So you want more power, but you like the streetability of a compression ratio that allows you to pull into any gas station, and a camshaft with a duration that lets you engine purr like a kitten. Well, Paxton's blow through supercharger kit for 383 and 440 Wedge engines, PN 1201860-1 satin or PN 1201860-1P polish finish, is probably just what you need. The Paxton kit is based around the oil fed, spur-gear-driven Novi 1500 centrifugal supercharger. Under normal driving conditions, this supercharger is designed to operate at 7-9 p.s.i when equipped with a standard 3.875-inch diameter 10 pound drive pulley. Depending on the actual condition of the engine and boost level being used, horsepower gains can be quite notable.
Here's what our 440 Mopar big-block looks like before we began our installation. Other tha
The Novi 1500 supercharger comes standard with the aforementioned 10-rib diameter pulley, although other pulley sizes are optionally available. Also included in the kit are Paxton's twin-billet-aluminum supercharger mounting plates, which feature an integrated manual drive-belt tensioner and alternator mounting provisions. The actual supercharger drive-assembly features a black anodized, six-inch diameter billet-aluminum crank pulley and a 10-rib supercharger drive belt with spacer. This bolts up to the OE two-groove crankshaft pulley and balancer using the provided mounting hardware. Ducting consists of a four-inch inlet duct complete with silicone hoses, stainless-steel band clamps, and a conical air filter. There is also a 3.5-inch aluminum discharge tube, and an aluminum race-type bypass valve with tube and mounting flange. Finally there's a cast-aluminum carburetor "hat" used instead of the conventional air box like the one used on Paxton's 120851/120852 small-block Mopar supercharger applications; a necessary compromise due to space limitations under the hood.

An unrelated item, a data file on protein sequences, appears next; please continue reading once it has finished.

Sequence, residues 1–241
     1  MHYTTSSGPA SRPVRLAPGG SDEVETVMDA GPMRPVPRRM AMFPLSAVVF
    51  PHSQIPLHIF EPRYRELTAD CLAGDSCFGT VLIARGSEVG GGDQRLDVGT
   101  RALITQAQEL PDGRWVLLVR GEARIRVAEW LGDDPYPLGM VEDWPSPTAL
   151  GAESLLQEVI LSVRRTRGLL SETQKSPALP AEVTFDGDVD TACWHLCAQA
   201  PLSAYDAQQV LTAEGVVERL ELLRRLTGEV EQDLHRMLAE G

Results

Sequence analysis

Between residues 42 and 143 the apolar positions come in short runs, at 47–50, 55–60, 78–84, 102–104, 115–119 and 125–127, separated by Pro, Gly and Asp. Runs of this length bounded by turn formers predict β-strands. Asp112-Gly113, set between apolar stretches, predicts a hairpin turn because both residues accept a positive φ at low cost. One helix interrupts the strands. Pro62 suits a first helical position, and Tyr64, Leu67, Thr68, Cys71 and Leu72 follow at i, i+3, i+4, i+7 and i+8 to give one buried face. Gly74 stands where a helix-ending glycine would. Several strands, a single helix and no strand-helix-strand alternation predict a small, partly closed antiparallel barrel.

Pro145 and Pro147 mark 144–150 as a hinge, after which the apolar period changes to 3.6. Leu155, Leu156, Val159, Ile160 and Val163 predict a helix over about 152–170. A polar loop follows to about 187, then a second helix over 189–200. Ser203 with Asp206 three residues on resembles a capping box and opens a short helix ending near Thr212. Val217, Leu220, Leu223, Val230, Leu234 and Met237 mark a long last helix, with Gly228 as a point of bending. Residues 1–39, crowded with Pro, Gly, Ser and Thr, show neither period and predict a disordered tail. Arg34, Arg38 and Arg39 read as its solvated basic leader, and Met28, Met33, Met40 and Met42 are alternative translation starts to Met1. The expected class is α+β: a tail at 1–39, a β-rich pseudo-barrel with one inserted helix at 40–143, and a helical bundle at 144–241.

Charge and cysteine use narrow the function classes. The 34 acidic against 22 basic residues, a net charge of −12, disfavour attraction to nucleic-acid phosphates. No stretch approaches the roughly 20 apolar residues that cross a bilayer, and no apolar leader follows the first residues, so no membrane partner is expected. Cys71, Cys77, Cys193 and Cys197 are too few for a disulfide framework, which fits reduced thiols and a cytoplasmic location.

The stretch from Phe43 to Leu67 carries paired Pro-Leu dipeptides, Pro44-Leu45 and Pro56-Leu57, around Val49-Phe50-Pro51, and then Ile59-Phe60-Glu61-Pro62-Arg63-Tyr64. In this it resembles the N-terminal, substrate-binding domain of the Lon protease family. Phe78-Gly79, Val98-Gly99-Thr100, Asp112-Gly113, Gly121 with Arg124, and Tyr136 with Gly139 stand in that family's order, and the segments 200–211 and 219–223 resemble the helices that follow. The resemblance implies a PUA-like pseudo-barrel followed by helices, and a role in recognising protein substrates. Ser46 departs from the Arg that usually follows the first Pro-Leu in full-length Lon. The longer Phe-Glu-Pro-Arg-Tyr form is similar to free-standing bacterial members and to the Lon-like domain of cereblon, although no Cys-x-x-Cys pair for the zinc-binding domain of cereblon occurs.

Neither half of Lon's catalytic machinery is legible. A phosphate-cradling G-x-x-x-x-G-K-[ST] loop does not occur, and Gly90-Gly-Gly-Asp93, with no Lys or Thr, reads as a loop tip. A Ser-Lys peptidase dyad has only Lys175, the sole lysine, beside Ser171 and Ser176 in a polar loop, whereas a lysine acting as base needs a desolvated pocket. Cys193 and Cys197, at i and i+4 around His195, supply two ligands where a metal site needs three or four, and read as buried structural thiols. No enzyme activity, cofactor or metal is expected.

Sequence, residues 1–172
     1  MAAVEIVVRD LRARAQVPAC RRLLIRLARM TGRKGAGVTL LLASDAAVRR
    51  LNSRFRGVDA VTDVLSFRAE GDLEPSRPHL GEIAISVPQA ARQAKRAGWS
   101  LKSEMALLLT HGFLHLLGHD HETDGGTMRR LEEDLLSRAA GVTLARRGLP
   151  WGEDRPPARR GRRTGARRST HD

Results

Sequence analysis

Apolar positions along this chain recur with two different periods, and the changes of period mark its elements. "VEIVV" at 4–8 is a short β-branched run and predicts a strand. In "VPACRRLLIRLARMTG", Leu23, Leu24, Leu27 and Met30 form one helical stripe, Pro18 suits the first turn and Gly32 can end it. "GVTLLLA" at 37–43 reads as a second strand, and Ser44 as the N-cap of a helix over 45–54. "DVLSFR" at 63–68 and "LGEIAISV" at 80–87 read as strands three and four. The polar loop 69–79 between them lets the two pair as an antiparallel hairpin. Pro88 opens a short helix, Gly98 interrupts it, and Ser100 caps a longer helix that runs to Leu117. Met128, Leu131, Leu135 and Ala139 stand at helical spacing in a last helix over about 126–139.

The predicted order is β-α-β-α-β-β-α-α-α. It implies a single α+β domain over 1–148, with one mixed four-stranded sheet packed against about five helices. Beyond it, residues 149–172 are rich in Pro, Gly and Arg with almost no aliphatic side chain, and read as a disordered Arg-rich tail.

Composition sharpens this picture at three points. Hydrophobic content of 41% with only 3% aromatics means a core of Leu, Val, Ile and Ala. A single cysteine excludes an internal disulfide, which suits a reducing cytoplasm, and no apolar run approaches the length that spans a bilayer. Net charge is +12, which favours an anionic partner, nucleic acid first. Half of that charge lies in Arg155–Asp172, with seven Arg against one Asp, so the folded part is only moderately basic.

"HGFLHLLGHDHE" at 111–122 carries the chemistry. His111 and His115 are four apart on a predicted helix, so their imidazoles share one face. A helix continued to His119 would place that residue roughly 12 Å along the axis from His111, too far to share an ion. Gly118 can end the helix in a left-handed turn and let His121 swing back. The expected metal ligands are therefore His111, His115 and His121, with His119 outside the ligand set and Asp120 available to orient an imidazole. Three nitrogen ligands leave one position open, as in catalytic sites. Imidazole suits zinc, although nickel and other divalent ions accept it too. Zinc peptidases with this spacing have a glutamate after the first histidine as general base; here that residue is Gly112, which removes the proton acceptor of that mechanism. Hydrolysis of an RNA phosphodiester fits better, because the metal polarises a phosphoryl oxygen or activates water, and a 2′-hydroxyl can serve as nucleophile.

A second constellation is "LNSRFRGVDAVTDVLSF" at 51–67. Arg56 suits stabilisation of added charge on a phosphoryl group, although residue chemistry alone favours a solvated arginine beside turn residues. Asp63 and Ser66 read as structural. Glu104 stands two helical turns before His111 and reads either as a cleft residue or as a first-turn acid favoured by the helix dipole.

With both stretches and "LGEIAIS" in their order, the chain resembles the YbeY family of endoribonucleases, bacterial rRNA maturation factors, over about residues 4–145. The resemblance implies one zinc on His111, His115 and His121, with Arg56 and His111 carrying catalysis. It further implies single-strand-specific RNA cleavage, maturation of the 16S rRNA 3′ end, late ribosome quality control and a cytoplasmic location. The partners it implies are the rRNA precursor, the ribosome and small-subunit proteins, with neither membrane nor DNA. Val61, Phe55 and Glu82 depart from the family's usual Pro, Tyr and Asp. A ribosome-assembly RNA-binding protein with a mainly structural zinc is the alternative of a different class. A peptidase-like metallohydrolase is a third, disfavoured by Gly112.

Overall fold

First step? Out comes the radiator. Since the OE fan will NOT be re-used, Paxton Automotiv
With forced induction, a "boost-referenced" carburetor is an absolute must. For this particular application, a number of carburetors were tried but ultimately, Paxton technicians settled on a Quick Fuel Technology Q-750-BAN/750-cfm blow-through carburetor equipped with annular boosters.
Fuel pressure must also remain constant, so a high performance electric fuel pump and fuel pressure regulator is also required. Paxton also recommends the use of an aftermarket ignition amplifier to not only maintain optimum spark, but also protect the engine from over revving. And lastly, although not shown in these prototyping photos, an aftermarket puller fan or fans is recommended, since the OE fan blade will have to be removed.
It's highly doubtful that your car is already running a blow-through prepped carburetor, s
"The hardest part about any retro-fit kit is the fact that factories weren't all that consistent when it came to their accessory-drive engine brackets, etc." says Paxton engineer Bob Andress. "Through our R&D program, we have found that there are a number of different style pulleys, alternators, and water pumps used on these early Mopars, which makes building a universal-fit kit like this one quite a challenge. Andress continued. "You also have the issue of all the aftermarket mounting brackets and engine pulleys that are available on the market. Taking into consideration the that most of our Mopar Big-Block customers are street machine enthusiasts-as we doubt that many concours restorers will want to install one of these kits-we've tried to make it as "user friendly" as possible, but those owners with modified Mopar big-blocks MIGHT have to use a little bit of imagination!"*
So, our test vehicle was filled with 91-Octane fuel, and strapped to the dyno. Our baseline test produced the following rear-wheel power numbers; 285 horsepower at 5,300 r.p.m., and 314 lb/ft of torque at 3,000 r.p.m. These numbers are very typical of a basic rebuild of a 440, and just about what we expected. After we added the Paxton kit and fed the big block 5-1/2 pounds of pressure, the power jumped to 417 horsepower at 5,300 r.p.m., and 417 lb/ft of torque at 4,400 r.p.m. No bad for a universal bolt on.
*Note: These photos show the prototyped 440 system. Installation procedures may differ with the production system. Be sure to follow the Paxton installation manual you get with your kit.
To assemble the crankshaft pulley, a total of six bolts are inserted through the counter b
Next, six 5/16-18 bolts are used to install the 10-rib supercharger-belt pulley onto the a
To drain the supercharger's lubricating oil back into the oil pan, Paxton supplies this fu